WASHINGTON -- Iranian Foreign Minister Javad Zarif said Sunday that the Holocaust was no "myth," and that a statement suggesting otherwise -- found on the website of the Supreme Leader Ayatollah Khamenei -- was simply a mistranslation.
“I have spoken to the leader on this issue,” Zarif said during an interview on ABC’s "This Week." “He rejects and condemns the killing of innocent people."
“No, the Holocaust is not a myth,” he added. “Nobody is talking about a myth … if it is there it is a bad translation and it is translated out of context.
"This is the problem when you translate something from Persian to English," he said. "You may lose some of the meaning. This has unfortunately been the case several times over. The point is, we condemn the killing of innocent people whether it happens in Nazi Germany or whether it is happening in Palestine."
The acknowledgement of the Holocaust has remained a point of conflict in U.S.-Iranian relations, flaring up most often during the U.S. visits by former president Mahmoud Ahmadinejad.
Since the election of Iran’s current president, the more moderate Hassan Rouhani, it has remained a subject of sensitivity. During his recent visit to the U.S., Rouhani described the Holocaust as a “crime that the Nazis committed towards the Jews” and called it “reprehensible and condemnable.” But those comments, made to CNN, were later disputed by a semi-official Iranian news agency, which said the network had botched the translation.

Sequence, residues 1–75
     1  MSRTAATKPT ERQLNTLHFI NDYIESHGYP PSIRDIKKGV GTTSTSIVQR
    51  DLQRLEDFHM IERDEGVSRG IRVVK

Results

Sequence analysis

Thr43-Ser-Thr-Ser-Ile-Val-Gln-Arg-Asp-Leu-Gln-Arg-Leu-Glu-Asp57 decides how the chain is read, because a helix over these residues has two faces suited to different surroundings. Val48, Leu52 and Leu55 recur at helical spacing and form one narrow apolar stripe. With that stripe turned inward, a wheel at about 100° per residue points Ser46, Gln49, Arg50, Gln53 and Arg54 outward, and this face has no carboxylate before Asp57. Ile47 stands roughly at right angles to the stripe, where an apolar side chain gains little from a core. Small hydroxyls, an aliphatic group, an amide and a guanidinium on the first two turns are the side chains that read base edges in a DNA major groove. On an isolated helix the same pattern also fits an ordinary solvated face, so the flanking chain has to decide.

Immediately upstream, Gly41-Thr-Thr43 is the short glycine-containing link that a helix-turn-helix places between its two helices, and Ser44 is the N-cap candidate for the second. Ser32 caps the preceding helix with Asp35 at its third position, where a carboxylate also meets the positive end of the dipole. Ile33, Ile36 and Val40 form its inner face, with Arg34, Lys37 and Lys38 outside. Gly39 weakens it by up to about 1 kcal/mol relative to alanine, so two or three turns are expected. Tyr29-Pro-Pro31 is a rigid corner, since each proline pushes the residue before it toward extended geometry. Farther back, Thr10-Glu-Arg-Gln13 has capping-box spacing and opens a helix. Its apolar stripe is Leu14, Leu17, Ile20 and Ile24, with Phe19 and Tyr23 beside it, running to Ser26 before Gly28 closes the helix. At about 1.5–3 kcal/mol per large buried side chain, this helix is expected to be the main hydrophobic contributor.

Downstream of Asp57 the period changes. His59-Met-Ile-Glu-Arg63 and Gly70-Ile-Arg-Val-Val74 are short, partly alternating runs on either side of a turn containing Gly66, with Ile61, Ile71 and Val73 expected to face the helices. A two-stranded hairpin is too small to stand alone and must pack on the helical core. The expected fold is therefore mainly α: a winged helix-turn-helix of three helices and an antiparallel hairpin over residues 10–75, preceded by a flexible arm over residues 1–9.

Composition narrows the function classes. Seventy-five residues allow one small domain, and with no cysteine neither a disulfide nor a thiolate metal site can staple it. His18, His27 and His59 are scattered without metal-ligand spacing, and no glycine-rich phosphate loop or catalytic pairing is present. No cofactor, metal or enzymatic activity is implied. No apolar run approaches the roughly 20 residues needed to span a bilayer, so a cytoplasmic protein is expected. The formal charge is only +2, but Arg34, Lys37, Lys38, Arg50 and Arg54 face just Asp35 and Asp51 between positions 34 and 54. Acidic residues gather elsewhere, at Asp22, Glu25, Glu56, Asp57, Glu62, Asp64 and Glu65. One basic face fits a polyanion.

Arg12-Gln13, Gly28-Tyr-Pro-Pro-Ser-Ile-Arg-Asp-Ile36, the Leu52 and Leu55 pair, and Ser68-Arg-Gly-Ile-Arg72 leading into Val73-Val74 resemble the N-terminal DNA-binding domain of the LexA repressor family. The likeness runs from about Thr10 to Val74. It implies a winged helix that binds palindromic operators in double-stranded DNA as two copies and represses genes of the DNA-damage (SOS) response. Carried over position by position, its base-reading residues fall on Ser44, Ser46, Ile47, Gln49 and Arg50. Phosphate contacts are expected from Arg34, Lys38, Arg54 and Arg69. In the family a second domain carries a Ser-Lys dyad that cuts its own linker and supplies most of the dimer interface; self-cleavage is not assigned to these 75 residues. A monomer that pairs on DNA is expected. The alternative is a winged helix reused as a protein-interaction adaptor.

Zarif’s comments were certainly definitive, though skeptics would note that there is a difference between stating that the Holocaust took place and acknowledging its severity.
Asked if what he would do about Khamenei’s website, which refers to the “myth of the massacre of Jews known as the Holocaust,” Zarif replied: “I’ll talk to them.”
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